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Chapter 4. Creating Your Database and Tables > Defining a Table Validation Rule

Defining a Table Validation Rule

The last detail to define is any validation rules that you want Microsoft Access to apply to any fields in the table. Although field validation rules get checked as you enter each new value, Access checks a table validation rule only when you save or add a row. Table validation rules are handy when the values in one field are dependent on what’s stored in another field. You need to wait until the entire row is about to be saved before checking one field against another.

One of the tables in the Contact Tracking database—Products—needs a table validation rule. Define that table now using the specifications in Table 4-7. Be sure to define ProductID as the primary key and then save the table and name it Products.

Table 4-7. Field Definitions for the Products Table
Field NameData TypeDescriptionField Size
ProductIDAutoNumberUnique product identifier 
ProductNameTextProduct description100
CategoryDescriptionTextDescription of the category50
TrialVersionYes/NoIs this a trial version? 
TrialExpireNumberIf trial version, number of days before expirationLong Integer

To define a table validation rule, be sure that the table is in Design view, and then click the Properties button on the toolbar or choose the Properties command from the View menu to open the Table Properties window, shown in Figure 4-27.

Figure 4-27. Defining a table validation rule.

To learn more about expressions, see “Using the Expression Builder,” page 240.

On the Validation Rule line in the Table Properties window, you can enter any valid comparison expression, or you can use one of the built-in functions to test your table field values. In the Products table, we want to be sure that any trial version of the software expires in 30, 60, or 90 days. Zero is also a valid value if this particular product isn’t a trial version. As you can see in Figure 4-27, I’ve already entered a field validation rule for TrialExpire on the General tab to make sure the TrialExpire value is always 0, 30, 60, or 90—IN (0, 30, 60, 90). But how do we make sure that TrialExpire is zero if TrialVersion is False, or one of the other values if TrialVersion is True? For that, we need to define a table-level validation rule in the Table Properties window.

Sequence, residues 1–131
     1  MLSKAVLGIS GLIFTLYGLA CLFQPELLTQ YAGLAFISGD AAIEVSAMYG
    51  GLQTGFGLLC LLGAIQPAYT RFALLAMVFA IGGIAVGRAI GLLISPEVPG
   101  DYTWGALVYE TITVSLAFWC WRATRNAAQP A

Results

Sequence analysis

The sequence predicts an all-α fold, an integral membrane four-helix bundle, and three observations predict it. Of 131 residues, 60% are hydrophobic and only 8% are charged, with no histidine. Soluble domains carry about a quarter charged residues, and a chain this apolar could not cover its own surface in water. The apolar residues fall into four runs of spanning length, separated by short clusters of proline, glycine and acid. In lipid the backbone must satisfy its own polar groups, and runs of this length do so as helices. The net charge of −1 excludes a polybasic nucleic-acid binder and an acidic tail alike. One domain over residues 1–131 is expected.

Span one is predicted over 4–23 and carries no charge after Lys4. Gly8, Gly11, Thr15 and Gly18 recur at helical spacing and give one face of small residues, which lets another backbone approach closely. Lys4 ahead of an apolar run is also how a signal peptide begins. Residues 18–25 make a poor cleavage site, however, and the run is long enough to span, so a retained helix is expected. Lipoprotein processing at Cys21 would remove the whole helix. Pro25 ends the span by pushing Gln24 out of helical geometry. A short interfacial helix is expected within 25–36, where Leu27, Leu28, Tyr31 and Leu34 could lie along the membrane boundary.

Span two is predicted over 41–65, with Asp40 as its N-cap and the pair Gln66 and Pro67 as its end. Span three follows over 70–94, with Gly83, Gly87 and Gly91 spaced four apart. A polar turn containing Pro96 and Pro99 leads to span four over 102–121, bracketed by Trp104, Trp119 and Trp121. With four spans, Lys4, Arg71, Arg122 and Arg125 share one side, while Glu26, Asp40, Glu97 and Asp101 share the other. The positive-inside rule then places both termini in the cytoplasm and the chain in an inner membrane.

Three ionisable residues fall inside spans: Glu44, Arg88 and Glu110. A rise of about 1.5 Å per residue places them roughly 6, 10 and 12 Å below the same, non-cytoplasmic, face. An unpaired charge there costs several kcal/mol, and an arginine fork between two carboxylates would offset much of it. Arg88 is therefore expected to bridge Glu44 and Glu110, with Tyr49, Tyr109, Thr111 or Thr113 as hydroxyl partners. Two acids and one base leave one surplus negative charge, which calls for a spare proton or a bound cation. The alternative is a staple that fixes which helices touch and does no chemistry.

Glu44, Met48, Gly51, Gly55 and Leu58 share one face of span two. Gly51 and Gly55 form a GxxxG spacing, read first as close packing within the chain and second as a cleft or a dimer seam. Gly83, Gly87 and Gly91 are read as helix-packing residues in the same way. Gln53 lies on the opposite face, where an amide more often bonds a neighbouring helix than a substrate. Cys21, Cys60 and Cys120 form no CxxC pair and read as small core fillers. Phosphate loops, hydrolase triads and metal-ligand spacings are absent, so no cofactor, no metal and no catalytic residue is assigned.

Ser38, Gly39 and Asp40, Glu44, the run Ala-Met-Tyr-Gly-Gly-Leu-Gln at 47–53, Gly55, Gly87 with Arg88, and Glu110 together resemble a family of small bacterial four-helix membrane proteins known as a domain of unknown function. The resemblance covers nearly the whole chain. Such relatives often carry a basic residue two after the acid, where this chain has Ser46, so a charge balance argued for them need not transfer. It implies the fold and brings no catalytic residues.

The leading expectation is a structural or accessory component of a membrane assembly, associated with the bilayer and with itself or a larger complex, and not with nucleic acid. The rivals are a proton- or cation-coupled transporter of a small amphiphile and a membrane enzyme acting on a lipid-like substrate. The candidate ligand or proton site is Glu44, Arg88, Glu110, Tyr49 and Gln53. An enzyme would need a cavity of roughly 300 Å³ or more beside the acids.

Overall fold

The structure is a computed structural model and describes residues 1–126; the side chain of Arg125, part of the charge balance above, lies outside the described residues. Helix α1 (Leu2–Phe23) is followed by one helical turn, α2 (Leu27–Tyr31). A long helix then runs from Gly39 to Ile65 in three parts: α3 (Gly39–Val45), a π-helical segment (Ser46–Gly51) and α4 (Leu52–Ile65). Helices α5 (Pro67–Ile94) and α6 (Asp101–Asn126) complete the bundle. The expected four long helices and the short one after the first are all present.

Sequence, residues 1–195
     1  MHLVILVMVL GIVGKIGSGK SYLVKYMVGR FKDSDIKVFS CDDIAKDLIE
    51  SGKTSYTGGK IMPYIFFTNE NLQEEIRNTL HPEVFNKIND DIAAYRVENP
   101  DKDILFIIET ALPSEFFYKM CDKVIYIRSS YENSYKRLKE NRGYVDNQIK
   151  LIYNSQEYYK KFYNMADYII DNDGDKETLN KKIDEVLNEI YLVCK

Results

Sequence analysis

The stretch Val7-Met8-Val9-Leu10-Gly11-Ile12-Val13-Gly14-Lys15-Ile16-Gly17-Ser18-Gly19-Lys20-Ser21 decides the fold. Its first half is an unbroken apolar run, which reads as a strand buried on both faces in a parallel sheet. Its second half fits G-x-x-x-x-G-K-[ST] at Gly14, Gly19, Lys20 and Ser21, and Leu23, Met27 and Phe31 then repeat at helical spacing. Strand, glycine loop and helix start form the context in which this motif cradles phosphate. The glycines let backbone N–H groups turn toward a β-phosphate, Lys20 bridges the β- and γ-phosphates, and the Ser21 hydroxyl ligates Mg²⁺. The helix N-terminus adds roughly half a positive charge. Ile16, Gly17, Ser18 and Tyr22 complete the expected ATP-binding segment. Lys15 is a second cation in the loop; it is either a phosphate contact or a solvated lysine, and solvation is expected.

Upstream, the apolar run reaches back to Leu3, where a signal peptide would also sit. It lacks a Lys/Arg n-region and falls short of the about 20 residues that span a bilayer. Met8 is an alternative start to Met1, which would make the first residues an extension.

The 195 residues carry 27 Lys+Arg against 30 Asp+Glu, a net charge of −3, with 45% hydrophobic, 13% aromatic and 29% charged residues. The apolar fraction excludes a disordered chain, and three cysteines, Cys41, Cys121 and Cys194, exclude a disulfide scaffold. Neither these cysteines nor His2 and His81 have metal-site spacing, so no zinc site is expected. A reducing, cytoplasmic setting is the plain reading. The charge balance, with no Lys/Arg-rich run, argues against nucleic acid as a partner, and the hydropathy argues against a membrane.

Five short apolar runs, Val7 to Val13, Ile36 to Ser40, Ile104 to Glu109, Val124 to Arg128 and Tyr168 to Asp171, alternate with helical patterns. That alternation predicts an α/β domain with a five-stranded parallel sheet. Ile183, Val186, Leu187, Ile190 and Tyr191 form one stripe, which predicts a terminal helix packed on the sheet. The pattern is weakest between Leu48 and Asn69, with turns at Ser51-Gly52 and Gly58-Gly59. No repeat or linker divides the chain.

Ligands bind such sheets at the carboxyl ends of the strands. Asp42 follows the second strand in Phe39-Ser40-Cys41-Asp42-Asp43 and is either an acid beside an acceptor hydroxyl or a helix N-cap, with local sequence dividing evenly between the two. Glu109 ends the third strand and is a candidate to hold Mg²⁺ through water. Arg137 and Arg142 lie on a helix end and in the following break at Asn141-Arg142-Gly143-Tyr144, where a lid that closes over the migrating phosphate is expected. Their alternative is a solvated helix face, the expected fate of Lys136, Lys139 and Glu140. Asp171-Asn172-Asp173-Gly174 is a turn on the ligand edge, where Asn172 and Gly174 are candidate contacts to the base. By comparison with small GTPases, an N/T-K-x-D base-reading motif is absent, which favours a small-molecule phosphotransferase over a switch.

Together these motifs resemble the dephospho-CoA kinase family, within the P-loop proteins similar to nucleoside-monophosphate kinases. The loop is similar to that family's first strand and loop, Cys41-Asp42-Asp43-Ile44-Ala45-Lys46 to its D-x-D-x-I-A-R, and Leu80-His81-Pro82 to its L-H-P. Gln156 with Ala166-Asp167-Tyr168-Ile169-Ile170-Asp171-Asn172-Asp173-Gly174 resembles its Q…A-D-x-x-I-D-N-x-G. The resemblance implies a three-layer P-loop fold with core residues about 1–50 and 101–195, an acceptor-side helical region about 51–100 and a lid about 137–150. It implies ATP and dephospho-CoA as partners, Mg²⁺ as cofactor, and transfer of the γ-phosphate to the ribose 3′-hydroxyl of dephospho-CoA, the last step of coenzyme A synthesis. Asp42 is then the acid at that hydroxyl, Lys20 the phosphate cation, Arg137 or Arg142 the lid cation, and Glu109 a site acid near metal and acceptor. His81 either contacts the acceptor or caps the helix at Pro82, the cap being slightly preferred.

To refer to a field name, enclose the name in brackets ([ ]), as shown in Figure 4-27. You’ll use this technique whenever you refer to the name of an object anywhere in an expression. In this case, we’re using a special built-in function called Immediate If (or IIF for short) in the table validation rule to perform the test on the TrialExpire and TrialVersion fields. The IIF function can evaluate a test in the first argument and then return the evaluation of the second argument if the first argument is true or the evaluation of the third argument if the first argument is false. As you will learn in Chapter 22, “Understanding Visual Basic Fundamentals,” you must separate the arguments in a function with commas. Note that I said evaluation of the argument—this means I can enter additional tests, even another IIF, in the second and third arguments.

So, the first argument uses IIF to evaluate the expression [TrialVersion] = True—is the value in the field named TrialVersion True? If this is true (this is a trial version that must have a nonzero number of expiration days), IIF returns the evaluation of the second argument. If this is not a trial version, IIF evaluates the third argument. Now all we need to do is type in the appropriate test based on the true or false result on TrialVersion. If this is a trial version, the TrialExpire field must be 30 or greater (we’ll let the field validation rule make sure it’s exactly 30, 60, or 90), so we need to test for that by entering [TrialExpire] >= 30 in the second argument. If this is not a trial version, we need to make sure TrialExpire is zero by entering [TrialExpire] = 0 in the third argument. Got it? If TrialVersion is True, then [TrialExpire] >= 30 must be true or the validation rule will fail. If TrialVersion is False, then [TrialExpire] = 0 must be true. As you might imagine, once you become more familiar with building expressions and with the available built-in functions, you can create very sophisticated table validation rules.

On the fourth line in the Table Properties window, enter the text that you want Access to display whenever the table validation rule is violated. You should be careful to word this message so that the user clearly understands what is wrong. If you enter a table validation rule and fail to specify validation text, Access displays the following message when the user enters invalid data.

One or more values are prohibited by the validation rule’< your validation rule expression here >’ set for’<table name>’. Enter a value that the expression for this field can accept.

Not very pretty, is it? And you can imagine what the user will say about your IIF expression!

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